A skillful thief with apparently precise tastes has stolen two of Marc Chagall’s paintings with Jewish themes from a Beverly Hills art gallery.
The two paintings, with a combined value of over $500,000, were taken in a meticulously planned and executed heist from the Timothy Yarger Fine Art Gallery on posh Rodeo Drive.
Chagall completed both paintings — “Moises et 1es Table de la Loi” (Moses and the Tablets of the Law), and “Le Juif a la Thora” (The Jewish Man at the Torah) — around 1981, four years before his death, said gallery owner Yarger.
The paintings, which came form Chagall’s personal collection, were purchased directly from his estate, said Yarger.
However, a third Chagall painting that was hanging between the other two, this one showing a Parisian scene with flowers was left untouched, as were even more valuable paintings by Picasso, Renoir and Miro in the same room.
“All signs point to a theft-to-order,” he said. “It wasn’t just a random burglary.”
The break-in was discovered May 29 by construction workers on an adjoining project, who noticed that someone had sawed a hole through the gallery’s rear fire door, and notified police.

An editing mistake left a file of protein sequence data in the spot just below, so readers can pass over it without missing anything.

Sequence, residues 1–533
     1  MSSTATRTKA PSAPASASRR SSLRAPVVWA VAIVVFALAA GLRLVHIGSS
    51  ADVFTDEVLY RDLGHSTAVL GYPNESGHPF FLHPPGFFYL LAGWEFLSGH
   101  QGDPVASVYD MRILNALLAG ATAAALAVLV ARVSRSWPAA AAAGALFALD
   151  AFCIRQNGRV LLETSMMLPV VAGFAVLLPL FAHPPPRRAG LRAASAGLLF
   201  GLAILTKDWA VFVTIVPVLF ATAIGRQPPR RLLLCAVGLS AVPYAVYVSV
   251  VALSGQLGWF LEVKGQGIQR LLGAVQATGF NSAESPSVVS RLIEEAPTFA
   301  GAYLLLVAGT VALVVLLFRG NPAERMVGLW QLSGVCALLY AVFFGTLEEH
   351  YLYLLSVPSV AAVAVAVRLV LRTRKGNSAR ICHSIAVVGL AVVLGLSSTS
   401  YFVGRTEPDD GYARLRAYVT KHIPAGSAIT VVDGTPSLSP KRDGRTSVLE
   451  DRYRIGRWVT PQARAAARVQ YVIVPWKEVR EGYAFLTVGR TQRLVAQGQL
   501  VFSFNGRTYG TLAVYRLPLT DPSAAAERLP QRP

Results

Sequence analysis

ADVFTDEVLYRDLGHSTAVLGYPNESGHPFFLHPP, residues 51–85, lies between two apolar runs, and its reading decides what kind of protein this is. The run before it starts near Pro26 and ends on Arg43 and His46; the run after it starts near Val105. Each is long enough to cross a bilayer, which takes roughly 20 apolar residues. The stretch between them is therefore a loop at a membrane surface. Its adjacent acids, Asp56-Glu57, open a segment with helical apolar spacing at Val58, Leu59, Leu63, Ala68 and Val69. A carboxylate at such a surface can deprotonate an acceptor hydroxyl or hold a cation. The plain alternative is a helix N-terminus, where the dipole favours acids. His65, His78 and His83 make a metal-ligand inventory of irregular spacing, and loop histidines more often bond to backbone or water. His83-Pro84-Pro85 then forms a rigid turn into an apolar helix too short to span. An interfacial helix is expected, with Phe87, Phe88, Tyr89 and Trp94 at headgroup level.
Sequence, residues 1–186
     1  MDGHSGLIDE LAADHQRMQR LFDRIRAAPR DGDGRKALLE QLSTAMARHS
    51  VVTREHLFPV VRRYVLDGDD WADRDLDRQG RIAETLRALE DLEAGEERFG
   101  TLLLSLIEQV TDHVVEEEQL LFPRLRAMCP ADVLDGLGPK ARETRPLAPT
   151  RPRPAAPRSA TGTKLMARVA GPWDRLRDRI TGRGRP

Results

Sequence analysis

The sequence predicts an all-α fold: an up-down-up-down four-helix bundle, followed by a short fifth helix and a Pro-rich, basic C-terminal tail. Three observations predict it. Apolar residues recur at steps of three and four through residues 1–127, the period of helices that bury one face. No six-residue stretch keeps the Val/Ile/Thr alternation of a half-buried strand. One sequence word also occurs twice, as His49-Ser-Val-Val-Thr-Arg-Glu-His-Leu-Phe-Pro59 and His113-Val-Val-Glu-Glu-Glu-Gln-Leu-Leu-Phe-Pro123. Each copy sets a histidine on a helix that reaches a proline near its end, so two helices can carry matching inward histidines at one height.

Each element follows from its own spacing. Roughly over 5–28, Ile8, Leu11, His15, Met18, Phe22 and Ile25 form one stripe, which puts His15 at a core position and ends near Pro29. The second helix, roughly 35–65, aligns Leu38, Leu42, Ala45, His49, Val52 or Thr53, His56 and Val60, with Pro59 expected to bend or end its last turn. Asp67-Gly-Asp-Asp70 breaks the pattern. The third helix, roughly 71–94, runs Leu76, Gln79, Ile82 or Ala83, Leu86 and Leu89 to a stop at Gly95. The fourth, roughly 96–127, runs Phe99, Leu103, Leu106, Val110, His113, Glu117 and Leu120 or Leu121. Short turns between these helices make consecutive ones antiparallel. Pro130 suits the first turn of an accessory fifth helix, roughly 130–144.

By climbing through the hole, the thief apparently circumvented an alarm system, as well as inside motion detectors and surveillance cameras.
“One burglar, or burglar, came in, went upstairs, came right to this location, took the paintings and disturbed nothing else,” said Yarger.
Yarger waited almost a week before making the theft public to give police and insurance investigators a clear track without interference from the media.
But now, Yarger said in an interview Sunday, he and police are circulating photos of the two paintings in the hope that they will be recognized as stolen if the thief tries to sell them to an auction house, gallery or museum.
It is more likely, however, that the paintings will be kept behind closed doors for decades or generations.
The Archive of the Jewish Telegraphic Agency includes articles published from 1923 to 2008. Archive stories reflect the journalistic standards and practices of the time they were published.